My original plan was to write the symbolic differentiator entirely in eZ80 assembly for the TI84+CE, however, the prototype I wrote in C was over 500 lines, and I wasn’t keen on writing/debugging that much assembly in addition to trying to figure out how to work with the user-interface, also in assembly. I thus decided to write it in C and use the CE-toolchain’s compiler. At this point, I was still deciding exactly how I wanted the program to work (namely the user interface). Every program for the TI-84+CE (that I was aware of) was ran more or less independently of TI-OS (TI’s operating system- the native interface): when launching the program, it took control of the screen, did its thing until termination, then restored control to the usual ui. I could have done this, but ideally, I wanted a program that was integrated with TI-OS: I wanted to add a function called “deriv” that could be called directly from the home menu, instead of trying to re-implement the home menu inside of a program just to add a single function.

I found a program for the TI-83+ called Symbolic that did everything I wanted, so the project essentially morphed into an attempt to port Symbolic to the TI-84+CE.

Long story short, this is easier said than done. The architecture of the TI83+ and TI84+CE is similar but different in a few critical areas. TI-OS allows code that changes its behavior (like making a custom function callable from the home screen) through a feature called “hooks”, which are essentially optional function pointers that are called before/after certain TI-OS routines. TI intended hooks to only be used by official “apps”, and to enforce this, hooks that reside in user memory (where user programs are executed) are not called. “Apps” are stored in flash-memory, and aren’t moved to user-memory when executing, so hooks that are defined in apps work as expected. The key detail here is that TI ensures that normal users can’t make apps by requiring that they are cryptographically signed. The TI-83+ uses a signature with a weak (short) key, which has been brute-forced by calculator enthusiasts, but the same is not true for the TI-84+CE.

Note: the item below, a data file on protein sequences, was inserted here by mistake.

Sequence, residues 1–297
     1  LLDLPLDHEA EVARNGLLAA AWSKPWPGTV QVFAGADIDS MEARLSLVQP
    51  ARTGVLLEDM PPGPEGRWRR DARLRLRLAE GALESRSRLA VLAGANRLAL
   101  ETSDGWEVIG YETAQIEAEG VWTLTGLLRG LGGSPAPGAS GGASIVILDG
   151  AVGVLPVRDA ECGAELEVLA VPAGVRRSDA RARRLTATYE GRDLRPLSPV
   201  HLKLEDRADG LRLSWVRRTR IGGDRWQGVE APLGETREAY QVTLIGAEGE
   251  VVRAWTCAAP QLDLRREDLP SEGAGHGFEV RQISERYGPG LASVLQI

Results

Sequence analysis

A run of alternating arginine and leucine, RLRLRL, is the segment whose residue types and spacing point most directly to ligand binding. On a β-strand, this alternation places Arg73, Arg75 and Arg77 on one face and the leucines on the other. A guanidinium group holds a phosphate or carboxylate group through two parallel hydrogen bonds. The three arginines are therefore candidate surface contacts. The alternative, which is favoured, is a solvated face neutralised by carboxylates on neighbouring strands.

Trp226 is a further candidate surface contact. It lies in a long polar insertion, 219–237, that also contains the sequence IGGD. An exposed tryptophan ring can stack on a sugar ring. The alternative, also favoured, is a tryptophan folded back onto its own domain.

A well-known work-around for this is to copy a hook from user memory into a commonly unused location in flash, and hope that it isn’t overwritten / doesn’t overwrite something else. The problem here is that my program is exceedingly long, and makes heavy use of memory allocation, making an issue with memory highly likely. I tried to find a way to call my program from the hook by looking at disassembly to find an appropriate system routine. This worked, but calling the program without moving it to the start of user memory is futile, because all of the non-relative jumps and references are made with the assumption that the origin of the program is at the start of user memory. Thus, in order to use complex functionality from a hook, I needed to move the entire (lengthy) program around in user memory. This had to be done every time any hook I used was called. At this point, I decided that even if I did manage to get the program to run, it would probably take a significant amount of struggling with more similar issues, and I would likely have to make severe limitations to my program to allow it to compile and run gracefully onto TI-84+CE hardware. While this is something I could certainly try, I wasn’t especially excited about it, so I opted to try something else instead.


New objective: implement more advanced algebraic algorithms in addition to symbolic differentiation, and add them to my existing graphing calculator project.

It’s only been a few months since I wrote the aforementioned graphing calculator project, but after working with bash’s recursive descent parser, I realized just how poorly written the former was, so I began by completely re-writing it and the explanation of it on my website.

I then read about / implemented the following algorithms and restructured the webpage.


As I said earlier, differentiation is a set of recursively applied rules. Here is the way it was taught to me: (assume that the derivative is being taken with respect to x)